Most strikingly, he detailed case after case of military officers arresting and beating protesters, or standing by passively while Mubarak's hired thugs did the same. Interspersed throughout the article are videos showing the scarred bodies of protesters who said they'd been tortured.
Nabil certainly isn't the only activist to have argued that, as he put it in that post: "The revolution has so far managed to get rid of the dictator, but not of the dictatorship." In fact, the article draws heavily on cases that had already been documented elsewhere.
Yet it isn't hard to see why the army focused on Nabil in particular. Nabil considered himself not just as a pacifist but also Egypt's "only" pro-Israel activist. His support of Israel was one of the reasons why he refused to serve in the military in the first place -- he said he could not bring himself to "point a gun at an Israeli youth who is defending his country's right to exist."
If the army was looking for someone vulnerable and isolated to punish for the sins of the country, they couldn't have found a better target. In a post dated December 22, 2010, Nabil complained that "every word" he writes about Israel "makes me lose more friends, and gives me thousands of enemies here." It was a characteristically bleak appraisal, punctuated with one of the ubiquitous hieroglyphs of his generation’s revolution: " :( "
Since his sentencing earlier this week, Nabil's circle of friends has expanded.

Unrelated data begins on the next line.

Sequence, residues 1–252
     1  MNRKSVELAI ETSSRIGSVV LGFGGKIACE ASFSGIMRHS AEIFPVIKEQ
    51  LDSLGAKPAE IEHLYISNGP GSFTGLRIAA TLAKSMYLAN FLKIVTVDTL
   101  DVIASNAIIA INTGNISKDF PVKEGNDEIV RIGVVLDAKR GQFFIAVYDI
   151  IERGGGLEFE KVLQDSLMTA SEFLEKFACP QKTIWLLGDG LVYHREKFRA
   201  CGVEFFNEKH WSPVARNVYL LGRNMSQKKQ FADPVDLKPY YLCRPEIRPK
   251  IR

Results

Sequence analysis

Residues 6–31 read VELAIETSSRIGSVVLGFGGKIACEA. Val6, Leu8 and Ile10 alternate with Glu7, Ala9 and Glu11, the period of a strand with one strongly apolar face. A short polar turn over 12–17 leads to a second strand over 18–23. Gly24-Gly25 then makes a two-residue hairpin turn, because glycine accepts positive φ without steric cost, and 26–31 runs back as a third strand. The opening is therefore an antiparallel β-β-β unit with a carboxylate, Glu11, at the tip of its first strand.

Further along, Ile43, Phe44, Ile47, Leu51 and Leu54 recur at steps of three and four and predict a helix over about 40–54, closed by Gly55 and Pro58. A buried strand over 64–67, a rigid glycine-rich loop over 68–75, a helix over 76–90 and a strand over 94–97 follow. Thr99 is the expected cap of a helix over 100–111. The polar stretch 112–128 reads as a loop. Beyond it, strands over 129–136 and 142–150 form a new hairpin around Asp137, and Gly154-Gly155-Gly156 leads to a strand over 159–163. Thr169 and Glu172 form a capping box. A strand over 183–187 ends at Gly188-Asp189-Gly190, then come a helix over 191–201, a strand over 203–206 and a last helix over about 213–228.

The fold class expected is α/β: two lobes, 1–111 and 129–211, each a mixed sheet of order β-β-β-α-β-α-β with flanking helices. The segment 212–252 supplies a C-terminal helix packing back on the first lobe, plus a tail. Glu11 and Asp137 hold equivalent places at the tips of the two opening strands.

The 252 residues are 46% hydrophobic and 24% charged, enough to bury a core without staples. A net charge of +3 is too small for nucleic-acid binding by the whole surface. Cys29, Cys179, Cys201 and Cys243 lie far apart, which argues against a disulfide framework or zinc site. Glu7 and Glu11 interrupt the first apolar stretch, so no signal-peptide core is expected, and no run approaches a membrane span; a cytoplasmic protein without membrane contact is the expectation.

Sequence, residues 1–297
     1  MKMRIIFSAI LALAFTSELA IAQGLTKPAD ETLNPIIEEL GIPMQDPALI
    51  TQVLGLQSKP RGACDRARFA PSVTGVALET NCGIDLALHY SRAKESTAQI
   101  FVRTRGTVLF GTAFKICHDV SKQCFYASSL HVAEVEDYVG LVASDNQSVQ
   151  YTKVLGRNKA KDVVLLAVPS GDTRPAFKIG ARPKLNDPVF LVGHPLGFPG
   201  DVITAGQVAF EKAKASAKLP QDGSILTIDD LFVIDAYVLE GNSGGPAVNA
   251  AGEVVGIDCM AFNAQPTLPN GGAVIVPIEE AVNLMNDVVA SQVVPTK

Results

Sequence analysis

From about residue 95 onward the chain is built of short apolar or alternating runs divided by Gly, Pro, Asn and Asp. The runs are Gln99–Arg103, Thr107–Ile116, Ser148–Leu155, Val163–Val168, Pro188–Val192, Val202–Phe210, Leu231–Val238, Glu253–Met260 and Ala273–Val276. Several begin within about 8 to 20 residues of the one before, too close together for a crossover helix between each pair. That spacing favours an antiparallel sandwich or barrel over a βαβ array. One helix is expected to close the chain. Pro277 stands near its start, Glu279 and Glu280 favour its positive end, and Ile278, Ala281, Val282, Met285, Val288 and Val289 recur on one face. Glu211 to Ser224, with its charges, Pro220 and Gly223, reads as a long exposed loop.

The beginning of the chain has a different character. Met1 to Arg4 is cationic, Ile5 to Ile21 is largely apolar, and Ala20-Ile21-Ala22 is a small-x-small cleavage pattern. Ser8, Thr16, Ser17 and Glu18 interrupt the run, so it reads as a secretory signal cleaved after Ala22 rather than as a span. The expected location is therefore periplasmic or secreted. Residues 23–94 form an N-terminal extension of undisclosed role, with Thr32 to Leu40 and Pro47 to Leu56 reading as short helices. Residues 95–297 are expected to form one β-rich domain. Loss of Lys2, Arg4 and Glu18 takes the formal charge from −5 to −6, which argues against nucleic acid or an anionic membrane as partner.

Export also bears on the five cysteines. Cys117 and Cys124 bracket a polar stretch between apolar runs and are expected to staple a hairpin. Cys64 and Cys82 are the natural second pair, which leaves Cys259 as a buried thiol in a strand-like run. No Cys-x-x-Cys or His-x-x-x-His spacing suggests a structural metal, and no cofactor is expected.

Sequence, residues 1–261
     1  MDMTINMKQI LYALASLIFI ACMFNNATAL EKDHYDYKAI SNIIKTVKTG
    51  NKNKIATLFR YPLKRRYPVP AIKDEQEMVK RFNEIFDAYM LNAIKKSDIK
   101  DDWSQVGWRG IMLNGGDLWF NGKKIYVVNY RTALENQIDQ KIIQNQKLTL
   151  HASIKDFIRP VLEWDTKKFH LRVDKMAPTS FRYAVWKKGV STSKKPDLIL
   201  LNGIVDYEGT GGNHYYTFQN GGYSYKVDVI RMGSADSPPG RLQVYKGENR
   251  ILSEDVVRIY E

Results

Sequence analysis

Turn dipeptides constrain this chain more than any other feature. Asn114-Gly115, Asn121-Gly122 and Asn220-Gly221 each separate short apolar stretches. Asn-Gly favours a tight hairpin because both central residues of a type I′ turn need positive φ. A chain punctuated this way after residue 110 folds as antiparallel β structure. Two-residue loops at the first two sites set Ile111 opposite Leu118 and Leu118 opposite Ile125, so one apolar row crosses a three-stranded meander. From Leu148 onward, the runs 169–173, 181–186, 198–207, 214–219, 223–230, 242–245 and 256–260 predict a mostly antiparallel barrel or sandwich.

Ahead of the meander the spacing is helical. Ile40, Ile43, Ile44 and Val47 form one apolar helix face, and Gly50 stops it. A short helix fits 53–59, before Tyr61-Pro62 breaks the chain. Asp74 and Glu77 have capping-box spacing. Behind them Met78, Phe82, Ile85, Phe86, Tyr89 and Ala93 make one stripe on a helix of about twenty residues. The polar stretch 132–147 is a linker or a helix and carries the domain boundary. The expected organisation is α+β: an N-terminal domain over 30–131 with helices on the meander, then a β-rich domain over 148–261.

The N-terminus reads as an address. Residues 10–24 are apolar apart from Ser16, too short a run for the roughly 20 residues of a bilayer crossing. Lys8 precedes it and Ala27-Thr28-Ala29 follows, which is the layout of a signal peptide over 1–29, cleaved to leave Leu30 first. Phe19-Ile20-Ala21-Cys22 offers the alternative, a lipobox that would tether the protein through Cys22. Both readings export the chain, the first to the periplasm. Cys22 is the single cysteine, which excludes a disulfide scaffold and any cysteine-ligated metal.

Senator Mark Kirk of Illinois and Congressman Frank Wolf from Virginia wrote the head of the Egyptian military to appeal for Nabil's release; a spokesperson for the State Department said that the U.S. was "deeply concerned."
More urgent expressions of concern have been made on the Internet, where at last count 3,029 people had gone on to the "Free Maikel" Facebook page and clicked "Like." One of them, an actual friend of Nabil's who publishes an activist blog under the pseudonym Kefaya Punk, said in a recent email to The Huffington Post that Nabil's sentencing proves "every word Nabil has ever said about our regime."
"The military council," he said, "wants to annihilate anyone who questions what it does ... That reminds me of how the Catholic church treated its opponents in the medieval ages."
Nabil, he added, "is a very brave man. I'm not as brave as him to reveal my name online."
To this admission he appended a familiar symbol: " :( "
So, if Nabil’s jailing proves that Egypt is still a dictatorship, what does it say about the state of the revolution? Does it mean that February's victory may turn out to be what Hillary Clinton described in a speech on Monday as a "mirage in the desert"?
David Keyes, the director of CyberDissidents.org, a non-partisan organization supporting online activists, said, "This case does not mean that nothing was achieved by ousting Mubarak. It means that the road to freedom is long and difficult."
Nabil, if he could say anything, would most likely agree. He certainly never proclaimed the revolution’s goals to be achieved, but he never showed any signs of abandoning them either. Back in February, he wrote that one of the intelligence officers who arrested him outside Tahir Square warned him that the military would allow him only "three steps." The first step he'd taken months before, when he was arrested for dodging the draft. This most recent arrest counted as the second step. And the third?
"He didn't tell me what will happen to me in the third step," Nabil wrote. "That's why there shouldn't be a third time. This revolution must win."